by Sonya N. Groves
“Erin,” Mr. Winchell yelled, “you little bitch!”
I walked away, weaving through the call center cubicles. I kept my eyes on the door, raised my left hand near my head in salute, and flipped Mr. Winchell the middle finger. I yanked open the door, walked down the hall towards the exit, and then, I was out.
Out meant standing in the South Texas heat on a late August morning; out meant unemployment—again. Sighing, I walked to my car and opened the driver’s door. I got in and turned on the engine to get the air conditioning started.
I reclined the seat all the way back, lying almost prone. I took the envelope that Winchell had given me out of my purse and opened it. Inside was a check for $229.31 and a pink slip, my formal notice. The check was all I had earned for the week, not enough for rent.
I crumpled the pink paper, and threw it toward the floor board. It fell amid some empty Tito’s vodka bottles. The pink wad looked like a giant piece of confetti amongst a wino’s trash heap. I flung my left arm over my eyes. I’d been fighting a headache all day, and the sunlight made my eyes ache like they’d been dilated. Think, I needed to think. Instead, I gave a small wake for my ego.
Earlier that day, I had tried to sneak in through the side door and slouch walk to my terminal. But Anita, my cubicle-mate, in a voice at least two decibels over her normal register, had addressed me with, “Hello, Erin, nice of you to join us.”
I plopped into my wheelie chair and scowled at her, who promptly raised her shoulder and dipped her head, acknowledging that she had been a shit. “You should get here on time. I can’t be expected to man the phones all morning after you’ve been out celebrating your divorce,” she said, turning to work.
I waved her comments away and began adjusting my headset. I knew last night’s binge hadn’t been a celebration, but a pity party. Twenty years wasted on a cheating ass and nothing to show for it. No 3,000 square foot home. No new car every two years. Nothing.
About ten seconds later, Mr. Winchell, wearing a citron tie that looked like a lime had exploded on it, walked up. He stood taller than the cubicle partition by a foot and hung his arms over it like creeping vines. “This is the sixth time you’ve been late to work in thirty days. You need to get your things and leave. You’re fired.” Winchell took a long white envelope and handed it to me. Inside of it were my termination papers and last paycheck.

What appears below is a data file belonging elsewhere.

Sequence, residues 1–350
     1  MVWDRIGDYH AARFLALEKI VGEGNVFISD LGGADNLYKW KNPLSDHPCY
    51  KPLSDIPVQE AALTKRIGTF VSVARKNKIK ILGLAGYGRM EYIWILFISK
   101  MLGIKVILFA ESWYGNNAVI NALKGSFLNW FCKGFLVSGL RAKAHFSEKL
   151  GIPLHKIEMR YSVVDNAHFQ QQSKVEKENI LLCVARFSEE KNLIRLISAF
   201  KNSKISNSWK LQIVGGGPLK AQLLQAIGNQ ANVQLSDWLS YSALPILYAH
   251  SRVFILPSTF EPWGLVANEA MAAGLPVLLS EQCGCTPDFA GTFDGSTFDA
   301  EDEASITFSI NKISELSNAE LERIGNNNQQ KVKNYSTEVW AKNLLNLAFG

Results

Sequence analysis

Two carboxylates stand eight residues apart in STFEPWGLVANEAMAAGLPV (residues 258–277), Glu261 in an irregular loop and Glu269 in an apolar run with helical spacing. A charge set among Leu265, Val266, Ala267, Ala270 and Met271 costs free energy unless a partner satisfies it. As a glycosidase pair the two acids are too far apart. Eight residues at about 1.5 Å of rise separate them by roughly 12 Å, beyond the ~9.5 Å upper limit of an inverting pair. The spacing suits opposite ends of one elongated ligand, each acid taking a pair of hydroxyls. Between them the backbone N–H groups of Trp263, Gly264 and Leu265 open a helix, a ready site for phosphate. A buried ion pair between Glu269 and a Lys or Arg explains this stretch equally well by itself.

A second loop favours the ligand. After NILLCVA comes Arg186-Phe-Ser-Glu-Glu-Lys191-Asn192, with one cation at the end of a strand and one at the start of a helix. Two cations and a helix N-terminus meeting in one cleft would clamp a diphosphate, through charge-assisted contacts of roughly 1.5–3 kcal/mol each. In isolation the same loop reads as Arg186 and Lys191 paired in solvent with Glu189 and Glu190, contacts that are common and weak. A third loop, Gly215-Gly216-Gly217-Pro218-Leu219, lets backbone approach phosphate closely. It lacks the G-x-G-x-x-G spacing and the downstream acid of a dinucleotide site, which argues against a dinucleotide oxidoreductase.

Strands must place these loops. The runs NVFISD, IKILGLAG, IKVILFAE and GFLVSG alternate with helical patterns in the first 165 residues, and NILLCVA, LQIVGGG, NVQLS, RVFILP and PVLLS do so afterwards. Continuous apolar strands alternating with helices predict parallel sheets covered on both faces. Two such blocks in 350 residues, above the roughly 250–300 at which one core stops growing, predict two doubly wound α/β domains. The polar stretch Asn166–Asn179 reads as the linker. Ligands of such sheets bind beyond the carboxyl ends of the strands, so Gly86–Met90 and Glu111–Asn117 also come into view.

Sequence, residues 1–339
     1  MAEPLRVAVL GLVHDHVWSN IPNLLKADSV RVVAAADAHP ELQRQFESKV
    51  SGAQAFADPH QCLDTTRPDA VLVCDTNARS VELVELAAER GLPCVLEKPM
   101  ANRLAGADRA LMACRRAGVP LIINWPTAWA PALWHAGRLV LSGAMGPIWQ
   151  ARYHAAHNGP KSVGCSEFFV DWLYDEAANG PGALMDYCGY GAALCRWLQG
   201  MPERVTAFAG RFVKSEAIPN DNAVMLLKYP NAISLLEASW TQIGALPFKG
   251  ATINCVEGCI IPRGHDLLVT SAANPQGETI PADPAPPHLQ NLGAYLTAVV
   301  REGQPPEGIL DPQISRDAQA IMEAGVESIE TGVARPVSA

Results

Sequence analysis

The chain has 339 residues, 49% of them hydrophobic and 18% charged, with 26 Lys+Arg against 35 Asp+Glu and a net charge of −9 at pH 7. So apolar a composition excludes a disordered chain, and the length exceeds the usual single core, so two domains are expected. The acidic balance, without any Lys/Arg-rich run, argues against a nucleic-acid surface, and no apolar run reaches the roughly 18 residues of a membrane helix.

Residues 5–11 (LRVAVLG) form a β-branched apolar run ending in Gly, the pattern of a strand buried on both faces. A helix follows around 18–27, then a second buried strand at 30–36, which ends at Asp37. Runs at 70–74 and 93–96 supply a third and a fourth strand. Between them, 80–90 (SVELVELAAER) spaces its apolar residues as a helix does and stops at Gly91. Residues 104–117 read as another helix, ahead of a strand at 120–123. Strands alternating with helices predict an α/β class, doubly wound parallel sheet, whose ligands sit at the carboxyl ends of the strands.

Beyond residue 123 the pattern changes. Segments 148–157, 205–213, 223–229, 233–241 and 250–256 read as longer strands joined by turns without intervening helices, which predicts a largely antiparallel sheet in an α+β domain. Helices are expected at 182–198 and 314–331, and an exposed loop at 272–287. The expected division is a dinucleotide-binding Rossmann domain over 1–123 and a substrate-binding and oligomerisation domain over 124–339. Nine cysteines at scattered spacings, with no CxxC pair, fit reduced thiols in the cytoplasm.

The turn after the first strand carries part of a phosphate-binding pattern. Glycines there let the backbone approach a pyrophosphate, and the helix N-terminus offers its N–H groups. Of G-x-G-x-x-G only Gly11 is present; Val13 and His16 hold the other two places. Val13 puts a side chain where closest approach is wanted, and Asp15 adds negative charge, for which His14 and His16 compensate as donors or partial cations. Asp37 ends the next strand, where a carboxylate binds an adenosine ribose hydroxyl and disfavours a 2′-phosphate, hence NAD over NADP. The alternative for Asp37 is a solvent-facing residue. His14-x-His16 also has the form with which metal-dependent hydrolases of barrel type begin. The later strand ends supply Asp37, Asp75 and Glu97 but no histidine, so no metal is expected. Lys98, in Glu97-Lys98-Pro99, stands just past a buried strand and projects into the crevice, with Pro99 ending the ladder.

“I’m sorry, Mr. Winchell. I know you told me if I was late again I would get fired, but…”
“Don’t give me the pathetic cow eyes. Begging won’t work, Erin. You’re late all the time.” He snapped his skinny Slim Jim fingers together. “Take this envelope and go. Besides if it wasn’t the tardiness, you’d have been fired for the drinking.” He turned to Anita. “Hey Anita, you’re right; she does smell like a liquor store.”
Anita never turned from her computer screen, but slightly canted her head in Mr. Winchell’s direction and said, “Told you. It’s like a God damn bar every day.”
My mouth gaped open like one of those clown heads on top of a helium canister. “Mr. Winchell, you and Anita can’t talk to me like this. I have rights.”
“You got no rights, girly-girl. This ain’t one of them union states; this is Texas. It’s called ‘at will.’ You work at my will, and I will no longer require you. Consider yourself lucky…”
“Lucky? This job lucky? I don’t need this…this…this kind of…” I looked down trying to think of some damning rejoinder and stopped. I snatched the envelope from his fingers and shoved it into my purse. When I looked up, I saw Winchell’s lips squeezed together as though he’d been sucking on his sour tie. I faced him and calmly said, “Fuck you, Winchell. I’ll leave, but fuck you.” I started to move towards the cubicle entry but hesitated, and grabbed Anita’s chair by the back. I jostled it. “And you can choke on your headset. Enjoy your job and try not to gag too much next time you kiss Winchell’s ass.”
So I left as I had come, through a throng of stainless steel partitions, a field filled with prairie dog heads popping up and down to catch a glimpse of the new fired girl.
And now I found myself lying in my car in the middle of the day. I had hated the job, but needed it. I had no money, and I’d have no place to live in two weeks. I had visions of myself as a homeless person living under an overpass, and Winchell’s words “at will” kept coming back to me. My life had no will unless drinking vodka counted.
Moving the seat up, I thought, I’ll work with what I’ve got. I drove to the bank and cashed my check. I drove to Big Jakes Liquor and picked up a fifth of Tito’s vodka. I moved the car to a far corner of the parking lot and backed into a tree shaded spot. Sipping vodka from the bottle, I sat in the heat listening to cicada and traffic. I watched cars and people come and go. When no cars were in the lot, I watched the heat waves undulate off the blacktop until I was drunk enough to realize that the all the waves had flatlined.
I started my car and drove out of Big Jake’s lot. I drove onto an overpass that looked about six stories high. I redlined the tachometer, pushing the car to eighty miles an hour. It took less than sixty seconds to reach the curved apex of the ramp when I grabbed hold of will. I would never live under an overpass.
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Sonya N. Groves
Sonya Groves is an English teacher in San Antonio, Texas. She has poetry publications in over 20 journals, the latest including La Noria, The Voices Project, Aries, Carbon Culture Review, and FLARE: The Flagler Review. Currently she is pursuing her Master’s degree in English at Our Lady of the Lake University.